I’m officially a free agent. The job that I poured my heart into for just short of six years (August 7 would have been anniversary #6) ended yesterday at 5:00 pm.
This transition has been in the works for awhile; yesterday was just one more step in that process. First, the governor began railing against the four LWIBs (my employer) threatening to phase them out by June 30 (this posturing began last September). By March of this year, my hours with the Central/Western Maine Workforce Investment Board had been reduced from 40 to 20. When I walked out the door of the Lewiston CareerCenter last night at 5:15, it was just another step along the reinvention path. Continue reading →
It requires very little skill to be a naysayer. Naysayers are a lot like Henny Penny, running around crying, “the sky is falling,” merely because Chicken Little said it was so. Naysayers can do a lot of damage, and they do so without any accountability. Sometimes, I think their recklessness is akin to shouting “fire” in a crowded theater.
What’s interesting about the folktale and the central character, Henny Penny, is that what spawned the declaration of “the sky is falling” was an acorn falling from the sky, a fairly normal occurrence. Rather than think, “oh, gee; an acorn just fell out of the tree above me,” Henny Penny insisted on injecting histrionics into the mix. Continue reading →
Tomorrow morning, I’m delivering a presentation to the Kennebec Valley Human Resources Association—in essence, my own “state of the state” on workforce development; it’s titled, “The State of Maine’s Workforce: An Update from the Trenches.”
For the past six years, I’ve been employed by the Central/Western Maine Workforce Investment Board. The Local Workforce Investment Boards, or LWIBs as they’re often referred to, channel the federal Workforce Investment Act (WIA) funds, appropriating them for training and aligning them where each regional LWIB thinks they will be the most effective. A large percentage of those funds support Maine’s One-Stop Career Centers, the bricks and mortar centers where job seekers and the unemployed access employment and career resources. There are 12 One-Stop Career Centers scattered across the state. Continue reading →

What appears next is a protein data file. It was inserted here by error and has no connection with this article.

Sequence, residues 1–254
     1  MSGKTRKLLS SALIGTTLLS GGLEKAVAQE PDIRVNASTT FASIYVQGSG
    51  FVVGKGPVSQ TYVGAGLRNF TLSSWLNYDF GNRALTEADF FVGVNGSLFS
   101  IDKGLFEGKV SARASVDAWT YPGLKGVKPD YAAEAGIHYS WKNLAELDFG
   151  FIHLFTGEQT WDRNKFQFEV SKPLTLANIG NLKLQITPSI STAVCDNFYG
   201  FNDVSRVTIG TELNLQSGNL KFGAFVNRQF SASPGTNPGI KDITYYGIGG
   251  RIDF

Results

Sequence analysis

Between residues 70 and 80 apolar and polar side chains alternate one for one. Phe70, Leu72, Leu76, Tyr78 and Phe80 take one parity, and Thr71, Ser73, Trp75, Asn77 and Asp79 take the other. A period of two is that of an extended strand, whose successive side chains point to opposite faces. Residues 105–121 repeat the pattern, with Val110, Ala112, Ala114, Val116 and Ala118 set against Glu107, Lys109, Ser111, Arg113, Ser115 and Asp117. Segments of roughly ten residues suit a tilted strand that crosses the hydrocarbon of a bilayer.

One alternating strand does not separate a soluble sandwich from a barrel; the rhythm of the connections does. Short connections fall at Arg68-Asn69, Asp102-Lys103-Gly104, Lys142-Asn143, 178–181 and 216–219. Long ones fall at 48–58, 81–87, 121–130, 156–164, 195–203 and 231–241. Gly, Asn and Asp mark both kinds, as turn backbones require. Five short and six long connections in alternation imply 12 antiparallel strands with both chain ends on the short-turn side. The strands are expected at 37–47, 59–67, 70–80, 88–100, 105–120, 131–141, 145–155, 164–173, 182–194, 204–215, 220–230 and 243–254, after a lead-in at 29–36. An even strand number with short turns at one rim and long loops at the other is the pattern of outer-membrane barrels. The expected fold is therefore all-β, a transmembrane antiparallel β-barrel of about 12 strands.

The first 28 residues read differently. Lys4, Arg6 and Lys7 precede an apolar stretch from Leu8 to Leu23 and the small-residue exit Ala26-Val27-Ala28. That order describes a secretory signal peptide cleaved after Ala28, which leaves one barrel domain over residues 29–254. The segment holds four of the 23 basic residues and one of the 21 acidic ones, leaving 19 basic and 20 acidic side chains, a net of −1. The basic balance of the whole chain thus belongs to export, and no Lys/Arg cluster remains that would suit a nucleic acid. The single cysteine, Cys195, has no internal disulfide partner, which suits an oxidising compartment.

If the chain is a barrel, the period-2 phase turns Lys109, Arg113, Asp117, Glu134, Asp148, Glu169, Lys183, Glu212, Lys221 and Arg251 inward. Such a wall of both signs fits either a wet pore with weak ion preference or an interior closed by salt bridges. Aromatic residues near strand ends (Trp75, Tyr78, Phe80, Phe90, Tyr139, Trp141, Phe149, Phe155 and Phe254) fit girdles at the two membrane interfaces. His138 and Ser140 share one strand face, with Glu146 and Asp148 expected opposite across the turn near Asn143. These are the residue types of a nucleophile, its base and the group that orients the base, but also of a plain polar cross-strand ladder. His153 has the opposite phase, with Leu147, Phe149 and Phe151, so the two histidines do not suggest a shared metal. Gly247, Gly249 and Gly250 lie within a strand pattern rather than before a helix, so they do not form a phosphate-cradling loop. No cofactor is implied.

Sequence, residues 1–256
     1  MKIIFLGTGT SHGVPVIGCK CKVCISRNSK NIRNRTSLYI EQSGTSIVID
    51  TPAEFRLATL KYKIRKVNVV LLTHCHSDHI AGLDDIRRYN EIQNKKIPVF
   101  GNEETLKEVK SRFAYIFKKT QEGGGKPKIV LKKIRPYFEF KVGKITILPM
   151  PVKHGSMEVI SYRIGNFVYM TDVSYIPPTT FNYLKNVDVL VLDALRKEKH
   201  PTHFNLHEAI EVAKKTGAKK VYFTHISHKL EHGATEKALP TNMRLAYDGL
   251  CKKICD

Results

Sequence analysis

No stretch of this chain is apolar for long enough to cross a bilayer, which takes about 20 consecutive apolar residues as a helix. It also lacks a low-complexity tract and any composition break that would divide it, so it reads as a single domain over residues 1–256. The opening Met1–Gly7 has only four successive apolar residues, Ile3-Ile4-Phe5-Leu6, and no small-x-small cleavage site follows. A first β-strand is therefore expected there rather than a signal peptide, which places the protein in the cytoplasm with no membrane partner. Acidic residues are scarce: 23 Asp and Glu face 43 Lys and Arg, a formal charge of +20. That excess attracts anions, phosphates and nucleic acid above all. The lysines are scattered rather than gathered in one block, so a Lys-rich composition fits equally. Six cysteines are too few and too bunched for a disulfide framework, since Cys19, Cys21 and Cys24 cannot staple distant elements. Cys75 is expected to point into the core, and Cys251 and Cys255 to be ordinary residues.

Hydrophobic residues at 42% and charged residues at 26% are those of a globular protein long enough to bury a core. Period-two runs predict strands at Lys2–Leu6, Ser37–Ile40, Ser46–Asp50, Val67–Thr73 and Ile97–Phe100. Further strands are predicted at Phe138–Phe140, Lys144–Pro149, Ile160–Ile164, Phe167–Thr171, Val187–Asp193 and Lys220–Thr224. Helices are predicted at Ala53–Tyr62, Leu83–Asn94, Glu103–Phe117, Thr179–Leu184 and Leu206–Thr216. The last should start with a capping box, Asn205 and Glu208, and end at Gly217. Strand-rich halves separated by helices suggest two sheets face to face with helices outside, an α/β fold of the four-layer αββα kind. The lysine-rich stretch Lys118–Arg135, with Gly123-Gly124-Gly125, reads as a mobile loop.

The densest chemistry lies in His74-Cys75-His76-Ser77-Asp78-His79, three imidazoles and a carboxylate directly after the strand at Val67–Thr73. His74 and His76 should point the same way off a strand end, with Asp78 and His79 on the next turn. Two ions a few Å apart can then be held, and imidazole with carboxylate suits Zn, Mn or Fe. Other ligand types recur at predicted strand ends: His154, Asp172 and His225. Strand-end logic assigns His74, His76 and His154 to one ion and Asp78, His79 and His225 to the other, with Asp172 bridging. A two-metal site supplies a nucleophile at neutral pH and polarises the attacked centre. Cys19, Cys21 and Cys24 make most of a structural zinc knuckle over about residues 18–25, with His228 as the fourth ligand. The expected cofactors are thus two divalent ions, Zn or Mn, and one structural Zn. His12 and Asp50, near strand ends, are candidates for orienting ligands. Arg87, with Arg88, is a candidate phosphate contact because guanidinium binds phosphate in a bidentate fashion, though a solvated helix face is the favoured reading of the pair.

Too many people are fighting a battle they’re doomed to come out losers in—resisting change. Change is becoming like breathing—it’s automatic and we don’t even notice we’re doing it. We don’t fight breathing, yet we resist any sign that things are going to change.
There was a time when I hated change. I fought it, hoping things would return to “better” days. Now, I’m more selective in the battles I choose to wage.
Don’t get me wrong. I’m a sucker for nostalgia and “the good ‘ole days” like most people of a certain age. I like history, appreciate what life was like growing up in a small town, and I even drink Moxie. I even have a new book out about it. Yet, I’m trying to adapt, and get better at staying ahead of the curve, or at least not becoming an anachronism. I will also say, I’m not a fan of change for change sake, or always following the latest flavor of the month; just wanted to get that out there. Continue reading →
The hardest part of change is getting started. Actually, probably the hardest part of most anything is the start, especially if you’re given to procrastination. It’s so much easier to put it off ‘til tomorrow, or next month, or even next year. I know, I’ve been there.
For several years, when I was 50 pounds heavier than I am now, I’d jump on the scale and think, “I need to lose weight.” I wasn’t ready to get started with joining the gym, increasing the calories burned, and taking responsibility for the calories I was consuming. Once I made that fateful decision in 2009 that I wasn’t going to be heavy any longer and started exercising and eating better, the weight started coming off and I’ve managed to keep it off by continuing to exercise and eat sensibly (most of the time). Continue reading →